Crypto collective: Cryptocurrency as a field needs more diversity, and a new organization called The Collective Future aims to help. It will host quarterly office hours for underrepresented entrepreneurs interested in creating crypto-focused startups. It also aims to create mentorship opportunities, and fund scholarships for them to attend conferences, among other things. The Collective Future got its start at a recent summit hosted by FuturePerfect Ventures’ Jalak Jobanputra. Attendees included JPMorgan Chase blockchain lead Amber Baldet, bitcoin lawyer Carol Van Cleef, venture investor Arianna Simpson, Digital Currency Group vice president Meltem Demirors, and startup entrepreneurs Leanne Kemp, Jutta Steiner, Preethi Kasireddy and Elizabeth Rossiello.
Social savvy: Bank of America’s Cathy Bessant, Citizens Bank of Edmond’s Jill Castilla and Centric Bank’s Patricia Husic are among a group of bankers who are comfortable using social media to share personal views. They sometimes even get political, tweeting about topics like women’s issues and gun control. Banks historically have avoided courting controversy, but the risk of speaking out could be worth taking, according to some. A bank talking about where it stands on issues can differentiate itself or show authenticity. “That can be actually helpful — a bit of a north star for" a banker's identity, said Kim Whitler, a professor at the University of Virginia’s Darden School of Business.
Big difference: Women in investment banking at Barclays PLC earn half as much as their male counterparts and receive bonuses that are 79% lower, according to data it disclosed to comply with a new U.K. law. The company’s other main unit, Barclays UK, reported a 26% gender pay gap, with overall bonuses for the women there being 60% lower than for the men. The differences reflect the concentration of men in highly paid roles. There is only one woman on Barclays’ nine-member group executive committee, Laura Padovani, who is the interim chief compliance officer.
It’s 1% for now: JPMorgan Chase revealed its “adjusted” gender pay gap in an internal memo Friday, saying that the difference between what male and female employees earn is 1% when factors like job role and seniority are taken into account. It also warned – without disclosing specifics – that the “unadjusted” numbers show a wider gap. Like Barclays, it will have to report those unadjusted numbers for its U.K. operations, to comply with the new law in that country.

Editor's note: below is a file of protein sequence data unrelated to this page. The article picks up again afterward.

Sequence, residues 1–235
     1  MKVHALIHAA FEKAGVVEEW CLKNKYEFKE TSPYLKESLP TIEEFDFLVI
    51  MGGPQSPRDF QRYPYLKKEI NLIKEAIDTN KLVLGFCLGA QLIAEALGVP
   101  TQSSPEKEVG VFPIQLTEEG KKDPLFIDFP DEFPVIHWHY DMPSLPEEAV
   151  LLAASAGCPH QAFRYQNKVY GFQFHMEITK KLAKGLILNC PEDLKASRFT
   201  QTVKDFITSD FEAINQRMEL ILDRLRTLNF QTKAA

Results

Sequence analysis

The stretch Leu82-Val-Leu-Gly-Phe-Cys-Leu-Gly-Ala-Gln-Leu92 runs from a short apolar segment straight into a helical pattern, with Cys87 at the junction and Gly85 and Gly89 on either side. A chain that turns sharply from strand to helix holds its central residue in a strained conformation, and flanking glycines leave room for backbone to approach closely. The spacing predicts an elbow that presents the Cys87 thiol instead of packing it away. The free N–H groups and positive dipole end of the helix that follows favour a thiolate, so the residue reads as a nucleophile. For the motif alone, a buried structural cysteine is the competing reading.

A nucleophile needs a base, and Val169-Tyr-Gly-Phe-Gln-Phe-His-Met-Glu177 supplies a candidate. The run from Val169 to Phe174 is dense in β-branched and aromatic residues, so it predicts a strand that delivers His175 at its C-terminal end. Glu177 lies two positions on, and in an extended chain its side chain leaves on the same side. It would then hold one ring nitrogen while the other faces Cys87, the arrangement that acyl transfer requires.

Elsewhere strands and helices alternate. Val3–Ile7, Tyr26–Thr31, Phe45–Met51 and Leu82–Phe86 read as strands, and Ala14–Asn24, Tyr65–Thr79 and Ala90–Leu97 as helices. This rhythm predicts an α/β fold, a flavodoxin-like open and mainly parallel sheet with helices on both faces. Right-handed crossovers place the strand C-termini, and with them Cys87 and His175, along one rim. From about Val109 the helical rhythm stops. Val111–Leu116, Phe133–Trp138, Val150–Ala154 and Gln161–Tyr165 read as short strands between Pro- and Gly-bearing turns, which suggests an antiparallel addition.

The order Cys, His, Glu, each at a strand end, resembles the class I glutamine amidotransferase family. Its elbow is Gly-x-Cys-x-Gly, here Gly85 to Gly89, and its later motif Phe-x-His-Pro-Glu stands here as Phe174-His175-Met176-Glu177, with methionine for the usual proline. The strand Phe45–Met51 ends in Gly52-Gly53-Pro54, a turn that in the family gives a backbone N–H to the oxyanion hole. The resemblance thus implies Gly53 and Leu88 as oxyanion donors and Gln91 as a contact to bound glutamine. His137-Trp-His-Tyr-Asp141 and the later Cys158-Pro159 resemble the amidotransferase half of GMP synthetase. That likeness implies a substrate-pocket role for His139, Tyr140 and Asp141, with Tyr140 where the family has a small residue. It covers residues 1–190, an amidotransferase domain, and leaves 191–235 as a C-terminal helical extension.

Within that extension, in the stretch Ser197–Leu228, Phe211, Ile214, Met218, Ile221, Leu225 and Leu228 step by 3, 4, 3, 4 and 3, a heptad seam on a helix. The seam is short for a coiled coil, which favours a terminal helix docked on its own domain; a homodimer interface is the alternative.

One upside to a lot of regulation: The banking industry has room to improve on gender dynamics, but because banks are so highly regulated, there is a framework for employee behavior and reporting wrongdoings. As a result, sexual harassment is less of an issue than it might be for other industries, according to the chief executives at three banks in Cape Cod, Mass. “I’m not saying it doesn’t happen now. I’m just saying that there are, from my perspective, more controls in place for reporting and follow-up,” said Dorothy Savarese, of Cape Cod Five Cents Savings Bank. Her bank has a whistleblower hotline overseen by the audit committee, for example. Check out the full interview, in which Savarese, a repeat honoree in our Most Powerful Women rankings, sits down with Lori Meads, of Seamen’s Bank, and Lisa Oliver, of the Cooperative Bank of Cape Cod, to discuss mentors, the #MeToo movement and the future of community banking. For the first time, all three of Cape Cod’s local banks are being led by a female CEO.